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Australasian Human Research Ethics Consultancy Services Pty Ltd (AHRECS)

Values in China as Compared to Africa: Two Conceptions of Harmony

 


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Not specifically on research ethics, but a good and unusual comparison of African Ubuntu and Confucian traditions approaches to ideas about harmony in opposition to Western liberal. The first piece is by a South African-based philosopher. These two articles point to ways of promoting dialogue between researchers and reviewers within particular cultural contexts.

Abstract:

Acknowledging a twenty-first-century context of sophisticated market economies and other Western influences such as Christianity, what similarities and differences are there between characteristic indigenous values of sub-Saharan Africa and China, and how do they continue to influence everyday life in these societies? After establishing that ideals of harmonious relationships are central to both non-Western value systems, traditional African and Chinese conceptions of harmony are compared and contrasted, and a number of aspects are analyzed in which the appreciation of this value affects contemporary political, economic, and social interaction.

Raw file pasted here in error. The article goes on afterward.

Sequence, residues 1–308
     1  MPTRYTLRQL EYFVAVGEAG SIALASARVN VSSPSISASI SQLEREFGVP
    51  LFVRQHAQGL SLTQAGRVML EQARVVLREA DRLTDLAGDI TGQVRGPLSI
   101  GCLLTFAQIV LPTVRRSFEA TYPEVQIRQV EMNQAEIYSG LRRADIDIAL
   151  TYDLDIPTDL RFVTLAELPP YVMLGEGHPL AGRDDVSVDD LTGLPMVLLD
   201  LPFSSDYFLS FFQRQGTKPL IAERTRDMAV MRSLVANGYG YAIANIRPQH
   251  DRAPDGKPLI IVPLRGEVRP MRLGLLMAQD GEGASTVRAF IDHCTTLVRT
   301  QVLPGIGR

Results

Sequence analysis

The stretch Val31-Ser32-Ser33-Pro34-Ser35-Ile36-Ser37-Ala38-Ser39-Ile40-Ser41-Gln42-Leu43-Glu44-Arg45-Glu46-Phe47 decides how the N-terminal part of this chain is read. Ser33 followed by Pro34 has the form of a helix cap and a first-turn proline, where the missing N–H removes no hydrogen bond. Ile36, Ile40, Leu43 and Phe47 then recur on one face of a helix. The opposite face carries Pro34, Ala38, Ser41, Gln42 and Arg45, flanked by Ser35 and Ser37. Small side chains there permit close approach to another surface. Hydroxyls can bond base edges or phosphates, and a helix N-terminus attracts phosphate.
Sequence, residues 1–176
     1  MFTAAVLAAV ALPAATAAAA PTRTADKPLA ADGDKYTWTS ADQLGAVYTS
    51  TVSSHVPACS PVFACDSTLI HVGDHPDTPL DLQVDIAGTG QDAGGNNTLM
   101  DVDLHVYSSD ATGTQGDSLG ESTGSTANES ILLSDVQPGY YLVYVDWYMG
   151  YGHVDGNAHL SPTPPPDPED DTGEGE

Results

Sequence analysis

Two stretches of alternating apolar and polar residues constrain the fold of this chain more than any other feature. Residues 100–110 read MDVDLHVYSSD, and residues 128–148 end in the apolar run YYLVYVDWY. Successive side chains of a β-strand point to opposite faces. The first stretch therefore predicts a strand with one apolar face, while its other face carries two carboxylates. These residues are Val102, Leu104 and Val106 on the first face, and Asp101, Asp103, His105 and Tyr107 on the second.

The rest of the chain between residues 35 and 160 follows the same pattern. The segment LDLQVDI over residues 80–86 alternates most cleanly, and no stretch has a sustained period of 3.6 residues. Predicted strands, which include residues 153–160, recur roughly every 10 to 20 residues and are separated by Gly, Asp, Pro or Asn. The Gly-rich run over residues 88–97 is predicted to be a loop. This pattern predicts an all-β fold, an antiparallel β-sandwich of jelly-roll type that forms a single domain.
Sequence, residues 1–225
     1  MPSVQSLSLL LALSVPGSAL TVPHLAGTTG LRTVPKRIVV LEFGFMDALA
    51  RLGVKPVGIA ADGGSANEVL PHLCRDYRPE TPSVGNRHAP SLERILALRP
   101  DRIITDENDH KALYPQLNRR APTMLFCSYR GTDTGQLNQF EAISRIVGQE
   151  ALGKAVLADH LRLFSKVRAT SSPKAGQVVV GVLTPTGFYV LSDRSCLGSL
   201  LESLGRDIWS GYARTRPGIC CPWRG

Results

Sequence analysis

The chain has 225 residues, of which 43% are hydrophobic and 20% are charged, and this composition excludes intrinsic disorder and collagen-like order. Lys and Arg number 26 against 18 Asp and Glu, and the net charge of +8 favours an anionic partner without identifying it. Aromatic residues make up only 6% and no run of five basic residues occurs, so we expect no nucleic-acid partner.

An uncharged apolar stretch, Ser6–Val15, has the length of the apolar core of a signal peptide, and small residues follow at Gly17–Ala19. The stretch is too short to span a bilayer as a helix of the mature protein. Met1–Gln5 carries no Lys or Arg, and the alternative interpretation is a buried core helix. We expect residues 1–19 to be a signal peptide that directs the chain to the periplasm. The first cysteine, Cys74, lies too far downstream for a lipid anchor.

Metz, T. (2017) Values in China as Compared to Africa: Two Conceptions of Harmony. Philosophy East and West 67(2) 441-465. Project MUSE, doi:10.1353/pew.2017.0034
Publisher: https://muse.jhu.edu/article/656832

And a response to Metz from Li

Chenyang Li (2016) Confucian Harmony in Dialogue with African Harmony: A Response. African and Asian Studies 15 (2016) 1-10; doi 10.1163/15692108-12341353
Publisher: https://muse.jhu.edu/article/656832
Academia: https://www.academia.edu/24091902/Confucian_Harmony_in_Dialogue_with_African_Harmony_A_Response



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